Nigerian Police Reforms Bill: Need for Speedy Passage
By Saad Y. Shuaib
With the myriad of challenges facing the Nigerian security system, a national civil society organization (CISLAC) recently held a high powered meeting at Ilorin to discuss the way forward especially towards equipping the Nigerian police through the Police reforms bills.
I must state that while lots of things were discussed at the meeting, I could not but look back at the plight of the average Nigerian Policeman, imagine a Police force where hazard allowance is 10 naira in this current day. Currently the strength of the Nigerian Police Force stands at 371,800 (according to Wikipedia) for a country that has an estimated 174.2million population.
According to a report by Budgit , the strength of the Police is one Inspector General, Seven Deputy inspector General of Police (DIG) , 29 Assistant Inspector General of Police (AIG), 111 Commissioners of Police (CP), 236 deputy commissioner of Police (DCP) ,577 Assistant Commissioner of Police (ACP) , 980 Chief Superintendent of Police (CSP) , 2,690 Superintendent of Police (SP) , 4,522 Deputy Superintendent of Police (DSP), 3044 Assistant Superintendent of Police (ASP) 1 and 10, 287 ASP 11. For the rank and file , Inspectors number 49,026, Sergeant 62,681, Corporal 128,656 and constable with 19,043.
This goes a long way to show us that even in terms of strength relating to number, we need more active policemen as a country. A report in 2017 based on a statement made by the inspector General of police said Nigeria needs 31000 New police officers every year for the next five years (as at 2017) . Nigeria operates at a rate of one police officer to 600 Nigerians, which is alarmingly low. With this new legislative bill attempting to reform our police, it remains very pivotal for Nigerians to reflect on the type of police force requires for addressing myraids of security challenges facing the country in the 21st century.
The level of public perception of Nigerian Police personnel is low as average Nigerian believes the Police are not adequately professional in their dealings with the public. Perhaps, this is due to low motivation evident in salaries for the police personnel. Hopefully, the news of upward review of police salaries will motivate the personnel to give their best to protect the citizenry. In 2017 a rating indices ranked Nigerian Police as the worst in the world, while we may be quick to discard such ranking , we must as a nation work towards a repeat of such ranking and rating .
The report used to reach a ranking conclusion reads that there are 219 police officers for every 100,000 Nigerians well below the index median of 300 and the sub-Saharan region average of 268. In any case, the civil society groups at CISLAC’s meeting in Ilorin agreed that a lot need be put in place for the police working professionally. The extant laws on policing in Nigeria are outdated and rooted in draconian colonial ordinances.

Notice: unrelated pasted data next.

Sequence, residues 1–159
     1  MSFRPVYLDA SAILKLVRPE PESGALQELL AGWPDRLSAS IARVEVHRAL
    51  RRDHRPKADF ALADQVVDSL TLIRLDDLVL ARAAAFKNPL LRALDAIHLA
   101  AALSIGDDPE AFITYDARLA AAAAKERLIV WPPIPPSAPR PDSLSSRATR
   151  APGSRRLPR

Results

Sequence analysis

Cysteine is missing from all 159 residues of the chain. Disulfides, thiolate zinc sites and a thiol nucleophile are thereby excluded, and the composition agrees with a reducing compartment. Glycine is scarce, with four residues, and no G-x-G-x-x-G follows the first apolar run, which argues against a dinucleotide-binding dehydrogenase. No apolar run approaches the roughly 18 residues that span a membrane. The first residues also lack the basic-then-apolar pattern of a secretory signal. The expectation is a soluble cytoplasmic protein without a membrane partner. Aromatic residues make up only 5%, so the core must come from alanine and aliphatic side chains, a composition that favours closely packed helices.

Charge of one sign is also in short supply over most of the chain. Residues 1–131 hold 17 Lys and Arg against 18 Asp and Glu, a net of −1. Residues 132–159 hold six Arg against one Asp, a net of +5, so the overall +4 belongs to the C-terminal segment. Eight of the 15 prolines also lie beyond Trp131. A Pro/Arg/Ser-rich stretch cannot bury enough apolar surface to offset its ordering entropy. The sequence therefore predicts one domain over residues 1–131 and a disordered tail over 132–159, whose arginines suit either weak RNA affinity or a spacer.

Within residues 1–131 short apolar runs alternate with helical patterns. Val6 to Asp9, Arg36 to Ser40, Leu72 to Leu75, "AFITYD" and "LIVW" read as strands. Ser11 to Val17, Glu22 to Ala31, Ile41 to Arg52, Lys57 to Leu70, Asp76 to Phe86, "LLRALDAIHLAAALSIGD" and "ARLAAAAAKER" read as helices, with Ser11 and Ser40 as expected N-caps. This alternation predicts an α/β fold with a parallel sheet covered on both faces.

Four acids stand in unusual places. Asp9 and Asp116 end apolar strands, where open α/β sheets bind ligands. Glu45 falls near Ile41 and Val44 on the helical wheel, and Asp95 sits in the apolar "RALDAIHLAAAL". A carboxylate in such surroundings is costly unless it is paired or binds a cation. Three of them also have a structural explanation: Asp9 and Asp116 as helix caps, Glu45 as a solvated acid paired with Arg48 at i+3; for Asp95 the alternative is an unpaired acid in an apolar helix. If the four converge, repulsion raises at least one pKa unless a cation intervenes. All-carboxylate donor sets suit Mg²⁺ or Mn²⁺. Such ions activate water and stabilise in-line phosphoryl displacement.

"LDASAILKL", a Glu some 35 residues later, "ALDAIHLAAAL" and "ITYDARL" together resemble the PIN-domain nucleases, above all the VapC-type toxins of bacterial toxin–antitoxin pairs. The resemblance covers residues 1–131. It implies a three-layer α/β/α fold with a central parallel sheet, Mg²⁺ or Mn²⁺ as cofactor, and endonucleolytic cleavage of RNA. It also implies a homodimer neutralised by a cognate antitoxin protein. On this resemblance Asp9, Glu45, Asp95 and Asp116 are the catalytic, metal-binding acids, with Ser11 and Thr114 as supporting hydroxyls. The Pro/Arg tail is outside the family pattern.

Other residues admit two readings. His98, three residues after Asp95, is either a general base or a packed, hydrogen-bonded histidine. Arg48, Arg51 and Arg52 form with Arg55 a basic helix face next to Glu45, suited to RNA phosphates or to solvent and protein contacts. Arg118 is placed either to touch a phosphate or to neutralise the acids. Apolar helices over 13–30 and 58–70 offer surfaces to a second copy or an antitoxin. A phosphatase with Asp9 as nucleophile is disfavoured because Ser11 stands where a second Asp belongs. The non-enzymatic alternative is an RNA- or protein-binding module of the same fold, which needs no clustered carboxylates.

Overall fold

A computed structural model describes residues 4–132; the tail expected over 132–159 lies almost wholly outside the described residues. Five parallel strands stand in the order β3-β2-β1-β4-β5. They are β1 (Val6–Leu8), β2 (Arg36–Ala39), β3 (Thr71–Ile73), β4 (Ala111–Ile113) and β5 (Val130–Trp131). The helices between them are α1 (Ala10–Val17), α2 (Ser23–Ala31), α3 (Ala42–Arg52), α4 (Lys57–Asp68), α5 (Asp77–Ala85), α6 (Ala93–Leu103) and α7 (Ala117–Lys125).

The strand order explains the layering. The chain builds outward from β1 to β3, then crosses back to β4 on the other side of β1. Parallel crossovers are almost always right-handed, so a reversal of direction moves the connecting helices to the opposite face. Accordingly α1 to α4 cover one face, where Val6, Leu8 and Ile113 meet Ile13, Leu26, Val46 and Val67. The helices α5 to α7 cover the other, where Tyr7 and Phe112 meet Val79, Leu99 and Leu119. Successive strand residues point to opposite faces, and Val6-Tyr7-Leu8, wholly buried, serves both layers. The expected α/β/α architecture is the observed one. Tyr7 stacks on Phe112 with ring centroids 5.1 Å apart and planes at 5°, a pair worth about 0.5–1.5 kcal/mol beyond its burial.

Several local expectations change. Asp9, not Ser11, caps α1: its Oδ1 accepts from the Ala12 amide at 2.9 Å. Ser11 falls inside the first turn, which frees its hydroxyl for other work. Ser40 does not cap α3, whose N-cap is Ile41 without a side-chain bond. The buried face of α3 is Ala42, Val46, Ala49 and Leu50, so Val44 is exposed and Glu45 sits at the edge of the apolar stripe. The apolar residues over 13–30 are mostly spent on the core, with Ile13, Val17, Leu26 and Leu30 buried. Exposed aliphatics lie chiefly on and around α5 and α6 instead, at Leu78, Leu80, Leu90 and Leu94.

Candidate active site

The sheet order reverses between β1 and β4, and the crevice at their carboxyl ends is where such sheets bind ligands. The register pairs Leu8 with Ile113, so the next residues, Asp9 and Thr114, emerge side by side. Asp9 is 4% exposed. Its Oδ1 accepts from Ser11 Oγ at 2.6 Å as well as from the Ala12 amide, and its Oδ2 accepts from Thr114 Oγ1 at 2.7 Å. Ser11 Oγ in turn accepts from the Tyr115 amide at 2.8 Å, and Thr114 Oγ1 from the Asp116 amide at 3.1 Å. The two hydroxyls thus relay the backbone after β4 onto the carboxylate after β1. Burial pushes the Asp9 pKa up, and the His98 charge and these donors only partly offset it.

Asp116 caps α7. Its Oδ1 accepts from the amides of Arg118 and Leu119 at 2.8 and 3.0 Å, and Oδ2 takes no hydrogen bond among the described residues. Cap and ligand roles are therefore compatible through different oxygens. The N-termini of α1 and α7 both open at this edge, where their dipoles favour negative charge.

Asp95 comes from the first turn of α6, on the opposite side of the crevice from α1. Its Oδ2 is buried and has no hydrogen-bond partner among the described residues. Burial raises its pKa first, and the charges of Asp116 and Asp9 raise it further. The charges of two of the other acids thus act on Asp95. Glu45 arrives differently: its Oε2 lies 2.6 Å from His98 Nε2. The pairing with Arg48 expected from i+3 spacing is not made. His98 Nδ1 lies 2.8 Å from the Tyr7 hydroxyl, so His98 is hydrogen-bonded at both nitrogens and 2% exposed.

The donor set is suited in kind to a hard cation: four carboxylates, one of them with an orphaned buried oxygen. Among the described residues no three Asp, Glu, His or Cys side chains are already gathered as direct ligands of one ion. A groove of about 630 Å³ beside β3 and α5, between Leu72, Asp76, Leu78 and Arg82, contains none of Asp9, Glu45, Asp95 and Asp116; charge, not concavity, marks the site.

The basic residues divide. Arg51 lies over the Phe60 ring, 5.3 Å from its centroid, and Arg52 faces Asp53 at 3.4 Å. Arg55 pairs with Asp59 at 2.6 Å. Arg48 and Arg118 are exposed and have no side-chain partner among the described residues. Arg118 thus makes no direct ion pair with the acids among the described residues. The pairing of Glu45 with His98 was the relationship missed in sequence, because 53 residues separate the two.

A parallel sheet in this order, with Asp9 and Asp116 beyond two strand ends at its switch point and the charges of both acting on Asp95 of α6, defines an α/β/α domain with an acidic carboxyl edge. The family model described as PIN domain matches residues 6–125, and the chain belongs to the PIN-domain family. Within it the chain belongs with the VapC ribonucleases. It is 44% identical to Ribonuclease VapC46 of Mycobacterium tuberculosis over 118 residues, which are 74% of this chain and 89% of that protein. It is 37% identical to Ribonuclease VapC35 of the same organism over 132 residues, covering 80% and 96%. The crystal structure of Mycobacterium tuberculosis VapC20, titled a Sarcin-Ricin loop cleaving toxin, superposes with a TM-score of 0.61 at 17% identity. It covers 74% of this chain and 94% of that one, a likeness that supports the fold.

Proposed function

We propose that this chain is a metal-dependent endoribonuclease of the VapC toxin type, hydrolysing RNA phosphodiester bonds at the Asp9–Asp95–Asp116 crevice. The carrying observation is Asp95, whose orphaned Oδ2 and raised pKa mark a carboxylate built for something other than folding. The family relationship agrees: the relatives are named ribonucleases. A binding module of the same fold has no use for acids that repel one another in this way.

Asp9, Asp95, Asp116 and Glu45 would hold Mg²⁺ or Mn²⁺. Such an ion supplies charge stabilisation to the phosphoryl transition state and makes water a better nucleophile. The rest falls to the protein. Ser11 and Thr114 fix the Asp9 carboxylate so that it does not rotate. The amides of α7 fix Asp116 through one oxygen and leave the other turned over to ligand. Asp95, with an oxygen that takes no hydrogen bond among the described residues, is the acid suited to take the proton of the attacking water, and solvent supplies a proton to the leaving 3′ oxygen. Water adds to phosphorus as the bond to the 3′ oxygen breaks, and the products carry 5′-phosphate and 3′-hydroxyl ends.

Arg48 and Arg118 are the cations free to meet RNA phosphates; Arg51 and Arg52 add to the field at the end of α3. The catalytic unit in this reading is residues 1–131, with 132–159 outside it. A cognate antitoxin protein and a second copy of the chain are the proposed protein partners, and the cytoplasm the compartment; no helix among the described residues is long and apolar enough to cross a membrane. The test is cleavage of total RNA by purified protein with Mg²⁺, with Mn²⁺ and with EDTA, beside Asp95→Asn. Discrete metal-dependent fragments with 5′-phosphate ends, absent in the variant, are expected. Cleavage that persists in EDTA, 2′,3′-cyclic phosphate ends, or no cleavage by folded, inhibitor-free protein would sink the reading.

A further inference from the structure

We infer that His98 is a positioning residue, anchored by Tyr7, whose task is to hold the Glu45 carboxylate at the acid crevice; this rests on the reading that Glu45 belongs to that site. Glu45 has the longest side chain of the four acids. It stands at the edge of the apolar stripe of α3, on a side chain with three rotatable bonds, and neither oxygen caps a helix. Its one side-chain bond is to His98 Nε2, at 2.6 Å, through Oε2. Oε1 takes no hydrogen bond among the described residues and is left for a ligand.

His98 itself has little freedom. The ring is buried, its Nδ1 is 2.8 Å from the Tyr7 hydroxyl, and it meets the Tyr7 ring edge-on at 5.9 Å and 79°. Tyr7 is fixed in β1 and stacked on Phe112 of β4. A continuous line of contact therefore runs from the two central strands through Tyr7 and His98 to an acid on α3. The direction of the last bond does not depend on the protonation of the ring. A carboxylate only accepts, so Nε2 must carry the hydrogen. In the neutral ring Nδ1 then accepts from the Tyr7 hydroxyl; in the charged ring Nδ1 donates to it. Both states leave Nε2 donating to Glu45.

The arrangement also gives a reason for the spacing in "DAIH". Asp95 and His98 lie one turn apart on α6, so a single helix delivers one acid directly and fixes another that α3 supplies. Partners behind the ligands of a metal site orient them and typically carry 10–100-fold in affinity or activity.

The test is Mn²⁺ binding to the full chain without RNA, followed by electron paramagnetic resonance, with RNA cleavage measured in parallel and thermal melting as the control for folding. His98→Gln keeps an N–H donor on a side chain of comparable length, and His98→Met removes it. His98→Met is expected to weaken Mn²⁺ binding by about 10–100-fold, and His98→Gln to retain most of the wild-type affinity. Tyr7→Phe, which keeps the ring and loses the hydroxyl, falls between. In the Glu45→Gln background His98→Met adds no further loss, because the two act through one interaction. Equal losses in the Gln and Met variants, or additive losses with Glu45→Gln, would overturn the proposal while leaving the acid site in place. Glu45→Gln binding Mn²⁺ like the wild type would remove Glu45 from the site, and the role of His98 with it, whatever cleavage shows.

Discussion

The need to have a less corrupt policing system in Nigeria is highlighted by the bill as noted under section 24 of the Police reforms bill. The section 28 provides that no one should be arrested without been charged to court, trying to curb the generational issue of illegal detention. I must also agree with the stakeholders that the Nigerian government is not supporting the Police adequately enough apparent in deplorable state of various colleges of Nigerian Police and their barracks Nationwide which leaves one wondering why their state of living is that way when they live everyday thinking of how to keep Nigeria safe and together. Thus, the Ilorin civil society deliberation that I happened to be a part of also highlighted the fact that if care is not taken the Police reforms Bill may be structured to favor some persons.
One of the bane of the country is the fact that many times, bills and laws start with good intention but on the longer run, this intention becomes lost due to selfish intention to profit from before passage of such bills, the Police reforms Bill should not suffer such fate made rather it requires speedy passage by the national assembly. The benefits of police reforms bill is to ensure more effectiveness and better policing for the country in the 21st century. This should be at the front burner of all our efforts. It was very painful when I read that Nigerian Police was ranked among the worst in the world but the reality is beyond talking; how well are we ready to improve the country’s security apparatus?
The level of equipment carried around by the men of the Nigerian Police is another worry, lack of training is another issue and the low standard for recruitment is another issue. What do you say of the many pot-bellied Police officials, officials who cannot run and those who sleep on duty, total reforms need be put in place. I commend the efforts of the CISLAC and other CSOs on the subject matter.
I also encourage all Nigerians to support the move to ensure a better police system in Nigeria. The Ministry of Police Affairs and Police Service Commission needs to work hard towards improving the current condition of policing and been a Police personnel in Nigeria. We must put pressure that the legislation must not be same as the one we see running for over 75years. The Nigerian government must also show willingness and readiness to improve upon the Police structure and support the system totally. The core function of governance is protection of life and property, what happens when we lack a good security system?
Saad Y. Shuaib is a corps member serving in Ilorin